Out-Law News | 14 Nov 2012 | 3:41 pm | 2 min. read
Lochheed Martin's chief information security officer, Chandra McMahon, said that about a fifth of the threats the company faces constitute "advanced persistent threats" where attackers are seeking to steal information or harm its operations, according to a report by Reuters news agency.
"The number of campaigns has increased dramatically over the last several years," McMahon said, according to the report. "The pace has picked up".
McMahon said that the company had fallen victim to a cyber attack in 2011 because of security flaws in the computer systems of two of its suppliers, including RSA. However, she said that Lockheed Martin had been tracking the "adversary" for years prior to the attack and had been able to prevent the unidentified hacker from obtaining any data from its systems.
"The adversary was able to get information from RSA and then they were also able to steal information from another supplier of ours, and they were able to put those two pieces of information together and launch an attack on us," McMahon said.
She added that the company had learned to share information with other stakeholders in the defence industry in order to prevent similar attacks from occurring, according to the Reuters report.
The European Commission recently said that it intends to "present a comprehensive strategy on cyber security" before the end of the year. The proposals will contain draft legislation with the aim of improving "network and information security across the EU" and will "provide for a cooperation mechanism amongst the Member States and introduce security requirements for the private sector".
In July the Commission launched a consultation on the issue, seeking the views of governments, businesses and others in a bid to help it form its legislative plans. At the time it said that businesses could be required to report when their "essential" systems have been disrupted due to "cyber incidents". At the time the Commission said its aim is to "enhance preparedness, strengthen the resilience of critical infrastructure as well as to foster a cyber-security culture in the EU." The consultation closed on 15 October.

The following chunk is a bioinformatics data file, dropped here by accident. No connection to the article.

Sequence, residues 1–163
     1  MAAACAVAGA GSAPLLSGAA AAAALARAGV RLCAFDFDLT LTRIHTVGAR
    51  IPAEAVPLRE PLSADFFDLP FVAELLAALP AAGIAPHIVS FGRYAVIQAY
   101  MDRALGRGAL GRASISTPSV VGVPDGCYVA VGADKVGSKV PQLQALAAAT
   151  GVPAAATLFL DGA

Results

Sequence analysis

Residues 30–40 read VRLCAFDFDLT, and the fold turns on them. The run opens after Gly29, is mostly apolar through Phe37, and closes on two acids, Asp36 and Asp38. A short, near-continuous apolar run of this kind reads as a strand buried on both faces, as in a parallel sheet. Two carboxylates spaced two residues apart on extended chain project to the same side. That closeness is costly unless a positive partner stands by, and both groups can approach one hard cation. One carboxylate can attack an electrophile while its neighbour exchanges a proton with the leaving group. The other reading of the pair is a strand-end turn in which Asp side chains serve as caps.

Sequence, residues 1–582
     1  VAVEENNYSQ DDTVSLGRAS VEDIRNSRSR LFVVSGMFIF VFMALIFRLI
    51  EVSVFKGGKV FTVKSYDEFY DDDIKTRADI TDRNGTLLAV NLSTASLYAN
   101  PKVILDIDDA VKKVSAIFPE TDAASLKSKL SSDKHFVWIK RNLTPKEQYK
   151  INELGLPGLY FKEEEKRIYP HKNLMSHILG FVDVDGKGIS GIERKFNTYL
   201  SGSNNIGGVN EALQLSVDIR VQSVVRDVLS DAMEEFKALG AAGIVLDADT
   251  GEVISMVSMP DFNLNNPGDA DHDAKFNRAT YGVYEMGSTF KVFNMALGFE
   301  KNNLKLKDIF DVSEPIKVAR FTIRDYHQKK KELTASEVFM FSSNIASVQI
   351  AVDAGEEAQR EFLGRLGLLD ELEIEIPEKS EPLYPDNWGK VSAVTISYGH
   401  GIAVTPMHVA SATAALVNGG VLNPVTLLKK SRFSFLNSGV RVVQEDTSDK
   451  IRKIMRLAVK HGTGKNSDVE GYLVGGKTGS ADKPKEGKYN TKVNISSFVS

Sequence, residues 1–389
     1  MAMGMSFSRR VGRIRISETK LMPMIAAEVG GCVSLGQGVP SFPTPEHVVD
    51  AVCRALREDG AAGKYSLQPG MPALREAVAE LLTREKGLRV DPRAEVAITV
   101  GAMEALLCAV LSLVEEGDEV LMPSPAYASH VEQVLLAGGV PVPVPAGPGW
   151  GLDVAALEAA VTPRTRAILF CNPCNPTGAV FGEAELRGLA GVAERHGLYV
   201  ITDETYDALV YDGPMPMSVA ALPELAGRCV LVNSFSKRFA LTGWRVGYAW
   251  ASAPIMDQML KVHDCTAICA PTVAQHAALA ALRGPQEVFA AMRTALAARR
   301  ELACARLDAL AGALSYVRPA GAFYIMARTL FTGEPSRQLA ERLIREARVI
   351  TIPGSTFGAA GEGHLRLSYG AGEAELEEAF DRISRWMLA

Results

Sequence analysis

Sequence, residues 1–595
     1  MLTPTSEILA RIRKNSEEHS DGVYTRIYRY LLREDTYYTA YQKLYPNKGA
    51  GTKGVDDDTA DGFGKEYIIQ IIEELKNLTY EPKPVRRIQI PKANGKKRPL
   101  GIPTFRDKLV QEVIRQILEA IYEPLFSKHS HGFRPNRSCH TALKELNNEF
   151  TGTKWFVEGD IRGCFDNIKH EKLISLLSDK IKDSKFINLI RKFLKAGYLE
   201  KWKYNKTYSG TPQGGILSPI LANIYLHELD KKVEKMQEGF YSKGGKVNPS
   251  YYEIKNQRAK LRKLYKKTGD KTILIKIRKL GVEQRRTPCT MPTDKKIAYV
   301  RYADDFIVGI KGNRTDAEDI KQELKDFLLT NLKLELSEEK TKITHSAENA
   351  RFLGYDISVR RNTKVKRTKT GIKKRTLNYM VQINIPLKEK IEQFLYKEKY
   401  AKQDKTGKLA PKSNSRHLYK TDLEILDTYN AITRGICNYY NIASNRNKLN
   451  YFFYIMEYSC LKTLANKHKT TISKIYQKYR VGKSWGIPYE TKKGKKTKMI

The Commission is seeking to expand the existing security breach notification regime that operates in the telecoms sector.
Currently telecoms operators and internet service providers are required, under the EU's Privacy and Electronic Communications Directive, to "take appropriate technical and organisational measures to appropriately manage the risks posed to security of networks and services" and take measures to "prevent and minimise the impact of security incidents on users and interconnected networks." The Directive requires that the network or service providers notify national regulators of any "breach of security or loss of integrity that has had a significant impact on the operation of networks or service".
Regulators can share details of the incidents with regulators in other EU member states and can require that the public is also notified of breaches if it is in the public interest for the notification to be made, under the terms of the Directive.
However, last month EU privacy watchdog the European Data Protection Supervisor called on the Commission to more clearly define what cyber security incidents and threats organisations should have to guard against under proposed new laws.
US companies were also recently advised to stop using telecoms equipment made by two leading Chinese firms, Huawei and ZTE, after deeming the use of technology made by the companies a national security risk. The claims are denied by both firms.
The recommendation was made by a committee in the US Congress following an 11-month investigation into concerns that links between Chinese companies and the Chinese Government provide China with "greater opportunities for foreign and economic espionage".